Use Instead: Cloth napkins, cotton rags, microfiber cloths

Cloth napkins actually go a long way.
Cloth napkins go much farther than you think they would, and come out of the washer like new. Via Immeasurable Grace.

Cloth napkins are more than just a formality - you can find cheap ones that can be used anytime. Same goes for cotton cloths for cleaning up spills (instead of paper towels) and microfiber cloths for use with cleaning products (including Swiffer sweepers and mops).

Don’t Use: To go cups (especially styrofoam but also paperboard)

Styrofoam never decomposes.
Styrofoam literally never decomposes. Via Reference.

Buying and/or using styrofoam products is one of the worst things you can do for the planet. It’s non-biodegradable (ever, it seems), the manufacturing process uses carcinogenic materials and releases numerous pollutants into the air, and it can leach chemicals into the food you’re trying to store.

Use Instead: Travel mug in glass, wood, metal, with or without sleeve

Customizable mugs are more fun, anyway!
Using a customizable, reusable travel mug is good for the environment and trendy too! Via Etsy.

Nowadays, there are so many options for styrofoam cups, for both hot and cold beverages. Travel mugs are totally customizable (and work better than styrofoam, usually), though you can also use glass mason jars just as easily. For hot drinks, think about a knitted drink sleeve to protect your hands.

Don’t Use: Plastic straws

Plastic straws and the paper wrappings are not ecofriendly.
Plastic straws are really bad for the environment, and the paper wrapper doesn't help. Via Webstaurant Store.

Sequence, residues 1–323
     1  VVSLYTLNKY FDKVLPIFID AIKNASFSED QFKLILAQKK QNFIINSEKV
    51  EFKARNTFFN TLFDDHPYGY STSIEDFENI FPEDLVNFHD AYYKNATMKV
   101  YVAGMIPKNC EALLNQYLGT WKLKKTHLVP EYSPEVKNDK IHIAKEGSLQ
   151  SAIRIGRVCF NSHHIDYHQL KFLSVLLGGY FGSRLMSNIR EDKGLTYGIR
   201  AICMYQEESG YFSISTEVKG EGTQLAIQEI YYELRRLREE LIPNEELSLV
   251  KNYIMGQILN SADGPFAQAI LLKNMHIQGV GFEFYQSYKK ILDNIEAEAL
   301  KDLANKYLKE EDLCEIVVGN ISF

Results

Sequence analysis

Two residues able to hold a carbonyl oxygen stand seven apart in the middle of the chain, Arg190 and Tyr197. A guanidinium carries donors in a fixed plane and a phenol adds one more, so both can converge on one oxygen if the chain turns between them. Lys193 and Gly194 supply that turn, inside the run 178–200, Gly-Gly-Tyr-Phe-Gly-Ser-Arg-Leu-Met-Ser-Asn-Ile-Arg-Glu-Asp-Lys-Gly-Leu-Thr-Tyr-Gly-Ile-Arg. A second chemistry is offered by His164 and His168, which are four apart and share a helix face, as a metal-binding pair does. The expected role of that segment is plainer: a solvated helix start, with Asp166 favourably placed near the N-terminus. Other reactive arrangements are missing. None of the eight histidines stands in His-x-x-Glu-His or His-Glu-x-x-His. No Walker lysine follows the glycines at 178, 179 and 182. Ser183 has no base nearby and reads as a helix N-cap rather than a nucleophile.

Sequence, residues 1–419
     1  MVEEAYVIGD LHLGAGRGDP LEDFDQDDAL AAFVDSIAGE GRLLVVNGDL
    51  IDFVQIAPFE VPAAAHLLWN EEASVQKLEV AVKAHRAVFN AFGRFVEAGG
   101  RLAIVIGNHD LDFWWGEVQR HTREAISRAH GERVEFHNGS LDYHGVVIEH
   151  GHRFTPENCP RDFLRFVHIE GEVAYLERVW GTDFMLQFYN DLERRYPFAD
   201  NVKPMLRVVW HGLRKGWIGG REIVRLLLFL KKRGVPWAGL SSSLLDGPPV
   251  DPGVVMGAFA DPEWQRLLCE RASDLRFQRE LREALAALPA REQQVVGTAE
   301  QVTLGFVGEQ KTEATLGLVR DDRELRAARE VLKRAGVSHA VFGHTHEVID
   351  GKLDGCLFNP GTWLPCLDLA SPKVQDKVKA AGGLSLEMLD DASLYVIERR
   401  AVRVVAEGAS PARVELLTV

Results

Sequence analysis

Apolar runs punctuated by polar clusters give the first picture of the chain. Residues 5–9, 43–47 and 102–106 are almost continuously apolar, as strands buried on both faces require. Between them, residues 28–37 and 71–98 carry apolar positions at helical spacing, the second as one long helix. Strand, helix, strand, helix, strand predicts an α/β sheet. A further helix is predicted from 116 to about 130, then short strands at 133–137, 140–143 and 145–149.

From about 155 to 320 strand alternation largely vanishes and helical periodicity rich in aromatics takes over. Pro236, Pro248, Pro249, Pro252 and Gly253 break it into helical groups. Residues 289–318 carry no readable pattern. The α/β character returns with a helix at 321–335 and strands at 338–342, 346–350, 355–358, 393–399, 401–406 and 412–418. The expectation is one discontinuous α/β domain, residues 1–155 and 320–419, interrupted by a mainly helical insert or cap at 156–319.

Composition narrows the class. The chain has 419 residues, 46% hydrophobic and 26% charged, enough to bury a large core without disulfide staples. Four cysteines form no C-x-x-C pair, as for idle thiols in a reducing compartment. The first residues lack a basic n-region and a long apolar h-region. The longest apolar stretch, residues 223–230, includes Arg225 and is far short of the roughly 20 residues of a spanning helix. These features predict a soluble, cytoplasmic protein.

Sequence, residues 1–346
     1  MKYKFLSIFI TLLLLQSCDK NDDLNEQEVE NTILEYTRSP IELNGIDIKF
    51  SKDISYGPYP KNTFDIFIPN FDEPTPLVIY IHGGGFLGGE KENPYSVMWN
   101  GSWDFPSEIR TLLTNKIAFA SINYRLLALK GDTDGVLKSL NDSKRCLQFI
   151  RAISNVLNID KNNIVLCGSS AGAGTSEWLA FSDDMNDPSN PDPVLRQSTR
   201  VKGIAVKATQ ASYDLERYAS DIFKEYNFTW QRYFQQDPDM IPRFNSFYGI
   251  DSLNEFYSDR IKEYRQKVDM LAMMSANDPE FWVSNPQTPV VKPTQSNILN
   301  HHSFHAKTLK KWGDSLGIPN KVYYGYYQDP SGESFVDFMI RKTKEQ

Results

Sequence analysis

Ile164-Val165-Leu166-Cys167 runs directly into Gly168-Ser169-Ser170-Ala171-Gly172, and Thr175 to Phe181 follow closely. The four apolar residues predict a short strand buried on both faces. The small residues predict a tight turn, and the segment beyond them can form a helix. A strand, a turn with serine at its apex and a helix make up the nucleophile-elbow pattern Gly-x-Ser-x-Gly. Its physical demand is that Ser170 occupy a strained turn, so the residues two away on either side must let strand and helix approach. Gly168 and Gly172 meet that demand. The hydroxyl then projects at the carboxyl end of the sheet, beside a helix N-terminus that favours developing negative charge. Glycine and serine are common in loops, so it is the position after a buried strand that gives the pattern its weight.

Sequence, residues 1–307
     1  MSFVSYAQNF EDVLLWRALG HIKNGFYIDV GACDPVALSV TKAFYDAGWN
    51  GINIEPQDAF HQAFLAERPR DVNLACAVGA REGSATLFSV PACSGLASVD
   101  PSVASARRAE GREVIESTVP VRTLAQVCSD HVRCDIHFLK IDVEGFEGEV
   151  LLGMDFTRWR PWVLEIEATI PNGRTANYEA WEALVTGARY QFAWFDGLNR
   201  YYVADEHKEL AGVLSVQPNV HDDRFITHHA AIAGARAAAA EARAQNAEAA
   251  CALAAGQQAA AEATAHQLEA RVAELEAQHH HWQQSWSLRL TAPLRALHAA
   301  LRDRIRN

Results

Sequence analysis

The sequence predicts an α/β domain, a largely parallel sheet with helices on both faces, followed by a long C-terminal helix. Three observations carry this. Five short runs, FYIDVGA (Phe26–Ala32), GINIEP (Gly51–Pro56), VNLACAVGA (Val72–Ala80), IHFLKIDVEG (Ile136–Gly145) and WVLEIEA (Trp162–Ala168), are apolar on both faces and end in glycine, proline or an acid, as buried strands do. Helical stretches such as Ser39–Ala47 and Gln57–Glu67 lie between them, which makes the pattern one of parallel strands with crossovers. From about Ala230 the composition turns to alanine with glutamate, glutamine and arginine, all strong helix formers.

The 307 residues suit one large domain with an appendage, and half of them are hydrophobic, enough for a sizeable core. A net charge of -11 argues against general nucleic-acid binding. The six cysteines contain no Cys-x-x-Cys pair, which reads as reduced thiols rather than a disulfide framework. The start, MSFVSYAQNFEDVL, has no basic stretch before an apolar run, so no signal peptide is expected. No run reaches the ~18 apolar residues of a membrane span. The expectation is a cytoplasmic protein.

Plastic straws include both the plastic straw itself and the paper wrapper, neither of which are eco-friendly. Straws are often found in the stomachs and bodies of sea animals, often as the cause of death.

Use Instead: Sturdy plastic that can be washed or glass straws

Glass straws are the way to go!
Glass straws are the way to go! Via Ian Somerhalder Foundation.

You can find sturdy plastic straws that you can use over and over again, including running them through the dishwasher, or invest in a personal glass straw like the Strawesome products!

Don’t Use: K-Cups

K-cups are not recycleable.
K-cups are not recycleable and end up in landfills. Via Waste 360.

Keurig coffee pod machines have been the subject of tons of criticism as they’ve grown in popularity, particularly as the k-cup (the pod used to make coffee) is almost completely non-recyclable. Yet somehow, keurigs have still ended up in plenty of offices and homes alike. In 2014 alone, enough k-cups ended up in landfills that back-to-back they would circle the Earth 10.5 times.

Use Instead: K cup reusable coffee filter, or another coffee-brewing method

This filter acts like a reusable K-cup.
This filter acts like a reusable k-cup; just add coffee! Via Green Head.

If you already have a keurig, there’s still hope - you can buy a reusable coffee filter and add your own ground coffee to the machine, which works just as well as the k-cups and creates little to no waste. Or, if you don’t have a keurig, choose a different coffee brewing option.

Don’t Use: Plastic water bottles

Plastic water bottles are bad for the environment in so many ways.
Plastic water bottles are bad for the environment in so many ways and are totally unnecessary. Via Odyssey.

Did you know that Americans throw away 35 billion plastic water bottles every year? And that almost every bit of plastic ever created still exists in one form or another (minus a small amount that’s been incinerated)? Pretty much the opposite of eco-friendly.

Use Instead: Personal, reusable water bottle

S'well water bottles come in cool designs.
S'well water bottles not only are ecofriendly but also come in cool designs! Via Littervention.

Not only is there no waste, but using a personal water bottle like a Nalgene or S'well means you’ll be BPA-free and always able to tell which bottle is yours.